The Society for the Preservation of Israel Heritage Sites

The Society for the Preservation of Israel Heritage Sites is a non-profit organization that was formed as part of the Society for the Protection of Nature in Israel. The goal of this organization is to protect historical sites through political lobbying, public campaigns and education. It is recognized by the Ministry of Interior, (the government office in charge of zoning and town planning in Israel), as an organization which can advise local municipalities in all matters concerning the preservation or conservation of historical buildings, monuments and sites. In 2007, the Society separated from the Society for the Protection of Nature and is now an independent organization.

Real estate developers often prefer to just demolish historical buildings in order to pave the way for new developments and buildings. The Society for the Preservation of Heritage Sites in Israel has fought many battles to save historical buildings from demolition.

In 1991 the Society pushed for amendments in the zoning law designed to protect historical buildings. In Tel Aviv they succeeded in preventing the demolition of one of the first Jewish neighborhoods built outside the walls of old Jaffa, Neve Tzedek. Today, Neve Tzedek is a thriving part of historical Tel Aviv.

They were also instrumental in bringing about the preservation of the heart of Tel Aviv (Lev Hair), including all the Bauhaus buildings for which Tel Aviv was a declared a World Heritage Site by UNESCO in 2003, as well as the port of Jaffa and Templar Colony of Sarona.

In other parts of the country the Society for the Preservation of Heritage Sites was successful in preventing the destruction of many historical buildings and sites. The logo for the organization is the façade of one of the most famous buildings built in the beginning of the 20th century, Gymnasia Herzylia in Achuzat Bayit, the first neighborhood of Tel Aviv.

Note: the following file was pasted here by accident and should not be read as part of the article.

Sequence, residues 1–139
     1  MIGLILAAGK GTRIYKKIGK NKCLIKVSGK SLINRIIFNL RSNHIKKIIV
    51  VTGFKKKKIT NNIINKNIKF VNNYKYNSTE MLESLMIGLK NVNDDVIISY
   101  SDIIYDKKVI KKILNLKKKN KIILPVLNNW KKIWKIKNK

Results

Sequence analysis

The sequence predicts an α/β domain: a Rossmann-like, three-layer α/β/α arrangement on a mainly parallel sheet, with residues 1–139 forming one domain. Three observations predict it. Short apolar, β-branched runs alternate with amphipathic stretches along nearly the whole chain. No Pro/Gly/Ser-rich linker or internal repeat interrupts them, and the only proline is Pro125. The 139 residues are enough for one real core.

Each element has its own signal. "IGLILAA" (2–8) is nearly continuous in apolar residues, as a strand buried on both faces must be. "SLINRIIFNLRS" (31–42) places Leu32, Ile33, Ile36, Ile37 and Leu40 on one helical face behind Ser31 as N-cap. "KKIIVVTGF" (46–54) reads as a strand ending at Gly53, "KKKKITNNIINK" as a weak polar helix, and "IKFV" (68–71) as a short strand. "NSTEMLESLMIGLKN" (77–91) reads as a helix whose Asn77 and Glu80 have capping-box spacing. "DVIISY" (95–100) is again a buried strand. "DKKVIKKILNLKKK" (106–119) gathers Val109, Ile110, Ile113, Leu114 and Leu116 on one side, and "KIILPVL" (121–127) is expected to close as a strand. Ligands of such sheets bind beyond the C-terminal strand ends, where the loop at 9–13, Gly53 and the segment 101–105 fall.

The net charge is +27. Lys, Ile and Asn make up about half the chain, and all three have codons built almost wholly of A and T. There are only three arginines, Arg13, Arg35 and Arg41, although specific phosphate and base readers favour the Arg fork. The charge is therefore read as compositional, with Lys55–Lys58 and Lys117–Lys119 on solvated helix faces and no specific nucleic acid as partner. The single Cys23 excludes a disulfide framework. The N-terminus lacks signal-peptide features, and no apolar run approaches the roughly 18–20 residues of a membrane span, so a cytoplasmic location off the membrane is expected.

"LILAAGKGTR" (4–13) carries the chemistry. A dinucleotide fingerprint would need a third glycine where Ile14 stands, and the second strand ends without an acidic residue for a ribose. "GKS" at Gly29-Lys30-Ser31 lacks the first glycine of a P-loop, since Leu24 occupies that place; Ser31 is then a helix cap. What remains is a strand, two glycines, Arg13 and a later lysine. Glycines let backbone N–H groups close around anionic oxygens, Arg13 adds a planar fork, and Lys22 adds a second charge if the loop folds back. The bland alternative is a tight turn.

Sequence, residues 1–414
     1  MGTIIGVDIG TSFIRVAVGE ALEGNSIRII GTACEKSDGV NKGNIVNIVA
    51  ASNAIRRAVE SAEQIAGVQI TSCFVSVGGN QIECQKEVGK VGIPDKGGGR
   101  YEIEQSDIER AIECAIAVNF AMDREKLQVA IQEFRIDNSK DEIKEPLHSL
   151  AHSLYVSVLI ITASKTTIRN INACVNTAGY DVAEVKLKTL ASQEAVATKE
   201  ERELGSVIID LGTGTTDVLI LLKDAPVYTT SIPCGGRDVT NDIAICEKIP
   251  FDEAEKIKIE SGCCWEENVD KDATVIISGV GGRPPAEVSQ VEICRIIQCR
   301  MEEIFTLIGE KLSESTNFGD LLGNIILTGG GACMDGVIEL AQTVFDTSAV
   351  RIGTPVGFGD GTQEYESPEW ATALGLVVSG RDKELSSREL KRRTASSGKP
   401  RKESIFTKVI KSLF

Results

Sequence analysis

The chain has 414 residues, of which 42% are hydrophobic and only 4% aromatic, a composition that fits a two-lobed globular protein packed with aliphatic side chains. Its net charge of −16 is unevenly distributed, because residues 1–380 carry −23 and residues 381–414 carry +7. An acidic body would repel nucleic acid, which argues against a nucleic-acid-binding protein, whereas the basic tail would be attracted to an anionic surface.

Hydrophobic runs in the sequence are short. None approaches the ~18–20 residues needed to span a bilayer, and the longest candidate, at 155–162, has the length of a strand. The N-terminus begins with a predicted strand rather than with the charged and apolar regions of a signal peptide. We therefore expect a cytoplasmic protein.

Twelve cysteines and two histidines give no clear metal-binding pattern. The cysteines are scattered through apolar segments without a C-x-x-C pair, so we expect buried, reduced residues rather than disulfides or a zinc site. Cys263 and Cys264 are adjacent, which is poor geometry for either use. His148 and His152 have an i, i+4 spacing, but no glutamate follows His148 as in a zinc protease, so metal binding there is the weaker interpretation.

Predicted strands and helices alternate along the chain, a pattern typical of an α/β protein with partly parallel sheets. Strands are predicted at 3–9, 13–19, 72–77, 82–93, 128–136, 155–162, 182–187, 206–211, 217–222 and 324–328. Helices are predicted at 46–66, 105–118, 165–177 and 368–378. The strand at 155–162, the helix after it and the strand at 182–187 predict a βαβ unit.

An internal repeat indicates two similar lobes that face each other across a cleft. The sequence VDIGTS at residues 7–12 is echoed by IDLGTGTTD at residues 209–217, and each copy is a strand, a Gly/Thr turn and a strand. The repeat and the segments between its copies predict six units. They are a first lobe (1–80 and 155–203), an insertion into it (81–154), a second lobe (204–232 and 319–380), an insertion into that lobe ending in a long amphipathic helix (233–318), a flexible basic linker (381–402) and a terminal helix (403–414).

Gymnasia Herzliya was one of the first schools in Tel Aviv where the classes were taught in Hebrew. The school was run under the idea that the students would be the future leaders of the Jewish nation. The building functioned as more than a school. It was a meeting place for public committees. It was a venue for theater and public parties. After the Arab riots of 1921, the bodies of the victims were brought to the school before being sent for burial. During the British Mandate period weapons were hidden on the premises. The building was extraordinarily beautiful with European, Arab and Jewish motifs. It stood at the head of Herzl Street and could be viewed from the windows of the Jaffa – Jerusalem Railroad trains. It was demolished in 1959 and in its place the Shalom Towers office building complex was constructed.

The demolition of this most important historical building was not prevented. However, soon afterwards the Israeli public began to realize that its demolition was a mistake and it was important to prevent such things from happening in the future. This is the role filled by the Society for the Preservation of Israel Heritage Sites.